Scales are a great example of everyday technology that we tend to take for granted. For many people, scales were something to play with when you were bored in chemistry class, or held by a statue outside of the local courthouse. Outdated and antiquated, they just don’t seem to have much place in our day to day lives. However, scales can be found just about everywhere, if you know where to look. What’s more is the technology behind the scales we use today is actually pretty advanced.
Most people consider a scale to be completely a mechanical device. Whatever your weighing goes on one end, and the other is counterbalanced with pre-measured weights until balance is achieved. This is similar to the weight scales you would find in your doctor’s office. However, most scales you see today are digital. Digital scales are found in the grocery store, weigh stations for trucks, and even your household bathroom scale. But how do they work? Since there’s no counter balance to slide or adjust, how does it figure out the weight? The key to digital scales are a fairly simple piece of technology, they are powered by a pressure transducer which converts mechanical energy to electric energy.
Rather than using a counter balance, a scale transducer measures the mechanical energy (the pressure applied to the weight plate or scale itself) and converts it to electrical energy. The mechanical energy generates a current which is then translated to the digital readout. The result? The total weight of the item on the scale! Scales with a transducer are not only more efficient, but are remarkably more accurate than a standard mechanical scale, which is why they’re implemented in almost everything in the modern world that has to do with weight or pressure.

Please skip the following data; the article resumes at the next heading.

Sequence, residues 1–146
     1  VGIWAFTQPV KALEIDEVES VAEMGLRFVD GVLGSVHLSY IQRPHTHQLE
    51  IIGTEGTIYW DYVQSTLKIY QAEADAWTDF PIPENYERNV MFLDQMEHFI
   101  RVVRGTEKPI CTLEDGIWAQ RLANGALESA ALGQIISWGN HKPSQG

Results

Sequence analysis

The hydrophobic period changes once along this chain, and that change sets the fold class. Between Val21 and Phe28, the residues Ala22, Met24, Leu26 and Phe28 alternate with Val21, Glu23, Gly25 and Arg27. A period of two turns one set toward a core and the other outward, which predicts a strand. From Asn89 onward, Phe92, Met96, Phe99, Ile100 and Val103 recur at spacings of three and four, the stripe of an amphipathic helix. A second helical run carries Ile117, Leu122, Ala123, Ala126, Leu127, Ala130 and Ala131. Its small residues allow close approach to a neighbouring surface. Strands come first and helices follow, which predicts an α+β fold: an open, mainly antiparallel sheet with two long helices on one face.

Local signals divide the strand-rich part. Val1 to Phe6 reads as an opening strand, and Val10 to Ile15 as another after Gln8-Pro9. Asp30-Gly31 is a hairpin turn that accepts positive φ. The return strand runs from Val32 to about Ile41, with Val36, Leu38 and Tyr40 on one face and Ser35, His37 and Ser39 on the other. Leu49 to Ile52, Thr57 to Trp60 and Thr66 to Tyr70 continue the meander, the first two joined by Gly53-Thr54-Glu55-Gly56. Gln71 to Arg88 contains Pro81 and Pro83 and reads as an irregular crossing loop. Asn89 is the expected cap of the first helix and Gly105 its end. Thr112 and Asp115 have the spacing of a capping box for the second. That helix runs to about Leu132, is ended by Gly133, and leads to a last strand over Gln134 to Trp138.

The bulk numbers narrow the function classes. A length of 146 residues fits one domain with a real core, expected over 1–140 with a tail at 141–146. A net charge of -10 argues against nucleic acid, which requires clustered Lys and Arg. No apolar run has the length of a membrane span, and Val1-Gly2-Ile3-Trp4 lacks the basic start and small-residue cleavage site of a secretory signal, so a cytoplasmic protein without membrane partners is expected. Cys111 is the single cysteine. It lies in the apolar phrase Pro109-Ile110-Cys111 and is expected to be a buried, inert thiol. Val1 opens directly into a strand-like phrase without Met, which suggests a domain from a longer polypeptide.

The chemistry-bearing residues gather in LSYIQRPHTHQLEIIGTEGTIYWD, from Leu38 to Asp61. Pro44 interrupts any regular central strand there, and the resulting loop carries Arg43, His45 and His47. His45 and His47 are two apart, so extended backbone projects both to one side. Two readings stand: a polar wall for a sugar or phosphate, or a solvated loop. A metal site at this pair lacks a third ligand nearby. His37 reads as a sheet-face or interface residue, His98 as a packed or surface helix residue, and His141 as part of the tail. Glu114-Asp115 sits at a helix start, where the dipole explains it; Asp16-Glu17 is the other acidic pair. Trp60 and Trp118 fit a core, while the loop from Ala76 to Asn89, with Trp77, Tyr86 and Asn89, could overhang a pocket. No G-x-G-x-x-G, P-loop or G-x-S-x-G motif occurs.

While a transducer is a sophisticated piece of technology, it does take some careful consideration to implement properly. A scale that isn’t installed correctly or properly calibrated can lead to several headaches down the road. For businesses where weight is important, having a scale that isn’t accurate can lead to a huge loss in profits. For professional installation, calibration and maintenance, it’s important to go where the experience is. Contact Garber Metrology at 800-427-3032 or at www.garbermetrology.com to speak with the ISO certified and accredited experts there. From sales and service, to installation and maintenance, Garber has been servicing the mid-atlantic region for close to since 1975. Trust the weight of experience and contact Garber Metrology today.